Tuesday, November 29, 2005

More typing

I've re-org'd the Asterisk page and have added a bit of work to the "sip.conf" setting descriptions. Think of it as yet another of my (ongoing) unfinished projects.

Hopefully it'll help someone. Let me know if it does?

Sunday, November 27, 2005

Needs a dash of clue

While we're on the clueless security rant, here's one that I heard on the radio tonight. A syndicated personality, known as "Troubleshooter Tom Martino", has a consumer-centered talk show. As I was driving back from the grocery store this evening, Mr. Martino was ranting that iPods are susceptible to viruses via podcasting and stating that "we need anti-virus software for our iPods".

Would someone in Denver please ring up Tom and tell him the problems with his logic? Stuff like:

  • iPods are not x86 or Windows-based. Ask him to name one ARM or MIPS based virus that's capable of self-replication.
  • Podcasts are normally delivered from static, one-way sources. For a podcast to become infected, it (theoretically) would require malicious action on the part of the podcast author. There's no two-way data feeds involved.
  • RSS feeds are not like e-mail. They don't mysteriously show up on your iTunes list. You have to subscribe to them. In other words, there's a certain amount of reputation and trust involved with podcast sources.

In short, there are too many things missing from the environment that would support malicious code. "In ain't gonna happen." Instead, Mr. Martino should be ranting about virus scanners for our cars. There are models out there that run versions of MS Windows.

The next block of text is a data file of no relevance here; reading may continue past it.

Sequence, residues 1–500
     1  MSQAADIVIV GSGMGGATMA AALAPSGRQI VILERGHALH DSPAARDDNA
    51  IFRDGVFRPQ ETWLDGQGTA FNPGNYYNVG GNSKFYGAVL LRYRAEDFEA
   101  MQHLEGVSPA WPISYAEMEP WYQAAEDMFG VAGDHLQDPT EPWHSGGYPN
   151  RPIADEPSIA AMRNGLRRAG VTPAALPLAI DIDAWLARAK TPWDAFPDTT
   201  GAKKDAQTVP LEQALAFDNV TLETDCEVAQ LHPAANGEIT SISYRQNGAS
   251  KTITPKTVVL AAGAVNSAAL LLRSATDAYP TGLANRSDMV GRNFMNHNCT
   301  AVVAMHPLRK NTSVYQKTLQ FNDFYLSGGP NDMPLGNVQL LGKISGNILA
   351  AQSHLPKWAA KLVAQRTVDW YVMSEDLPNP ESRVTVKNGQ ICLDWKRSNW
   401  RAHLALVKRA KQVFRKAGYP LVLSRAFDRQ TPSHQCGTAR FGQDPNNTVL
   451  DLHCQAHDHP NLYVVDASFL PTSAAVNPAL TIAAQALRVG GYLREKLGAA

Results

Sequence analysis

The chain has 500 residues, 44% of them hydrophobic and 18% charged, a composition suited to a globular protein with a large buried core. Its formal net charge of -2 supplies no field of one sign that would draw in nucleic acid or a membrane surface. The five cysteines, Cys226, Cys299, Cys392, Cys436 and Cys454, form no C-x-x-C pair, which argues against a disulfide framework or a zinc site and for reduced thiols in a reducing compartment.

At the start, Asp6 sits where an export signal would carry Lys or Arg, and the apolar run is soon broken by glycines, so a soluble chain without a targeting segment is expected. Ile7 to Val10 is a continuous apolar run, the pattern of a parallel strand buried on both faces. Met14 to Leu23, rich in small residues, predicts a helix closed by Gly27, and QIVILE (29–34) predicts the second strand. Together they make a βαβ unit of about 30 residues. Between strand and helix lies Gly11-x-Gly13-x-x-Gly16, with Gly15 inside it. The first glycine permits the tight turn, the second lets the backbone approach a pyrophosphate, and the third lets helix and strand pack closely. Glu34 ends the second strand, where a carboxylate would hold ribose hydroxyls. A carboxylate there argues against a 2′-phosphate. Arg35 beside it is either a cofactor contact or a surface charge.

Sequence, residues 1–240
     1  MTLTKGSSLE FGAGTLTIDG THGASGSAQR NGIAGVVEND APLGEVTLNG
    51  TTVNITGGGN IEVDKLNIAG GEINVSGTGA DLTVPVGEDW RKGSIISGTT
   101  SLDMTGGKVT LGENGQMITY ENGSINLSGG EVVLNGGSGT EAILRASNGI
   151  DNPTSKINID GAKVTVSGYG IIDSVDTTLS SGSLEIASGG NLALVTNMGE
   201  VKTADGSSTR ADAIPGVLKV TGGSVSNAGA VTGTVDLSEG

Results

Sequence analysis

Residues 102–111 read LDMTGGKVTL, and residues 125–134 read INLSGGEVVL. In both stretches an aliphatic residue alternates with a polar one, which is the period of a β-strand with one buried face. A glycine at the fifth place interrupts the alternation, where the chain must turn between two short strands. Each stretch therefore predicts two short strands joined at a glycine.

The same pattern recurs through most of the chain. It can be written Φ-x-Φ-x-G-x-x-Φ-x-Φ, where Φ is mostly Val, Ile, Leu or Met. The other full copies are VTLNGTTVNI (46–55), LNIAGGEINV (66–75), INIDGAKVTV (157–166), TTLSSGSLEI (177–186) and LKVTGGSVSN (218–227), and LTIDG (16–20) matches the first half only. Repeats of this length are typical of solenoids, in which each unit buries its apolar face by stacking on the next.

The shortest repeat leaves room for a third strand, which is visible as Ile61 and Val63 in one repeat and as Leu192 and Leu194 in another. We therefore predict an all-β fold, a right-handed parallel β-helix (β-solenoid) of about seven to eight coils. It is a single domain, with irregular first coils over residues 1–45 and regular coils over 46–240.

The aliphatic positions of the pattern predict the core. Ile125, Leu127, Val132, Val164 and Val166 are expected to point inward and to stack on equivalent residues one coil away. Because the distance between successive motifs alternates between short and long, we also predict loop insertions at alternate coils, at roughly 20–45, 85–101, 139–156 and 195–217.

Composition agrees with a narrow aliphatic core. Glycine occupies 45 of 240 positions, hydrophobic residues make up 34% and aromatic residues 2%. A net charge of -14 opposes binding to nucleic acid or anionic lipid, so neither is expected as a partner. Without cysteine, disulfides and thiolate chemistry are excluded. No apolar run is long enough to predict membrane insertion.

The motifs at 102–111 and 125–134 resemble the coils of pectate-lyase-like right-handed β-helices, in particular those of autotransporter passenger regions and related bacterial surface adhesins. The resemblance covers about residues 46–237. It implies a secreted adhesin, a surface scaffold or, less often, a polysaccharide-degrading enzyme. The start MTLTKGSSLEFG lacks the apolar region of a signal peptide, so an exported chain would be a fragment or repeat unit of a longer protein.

I fear that I may have angered some fellow CISSP's. If I haven't said it before, I like to argue. I'm even willing to take positions that I don't necessarily believe in. However, this isn't one of those cases.

In a recent discussion, I took the stance that "risk = threat X vulnerability X asset replacement cost" is not a good formula for sound business decisions.

I will admit to having "poked fun" at their belief that the above is a "security formula". It isn't. It's a business formula, used to decide how much money is safe to throw at a department with no ROI.

I took the stance that the formula is usually a rationalization used to support a business decision that's already been made. That the formula comes from a "recognized" organization of security "professionals", makes it that much more of a problem. My argument follows...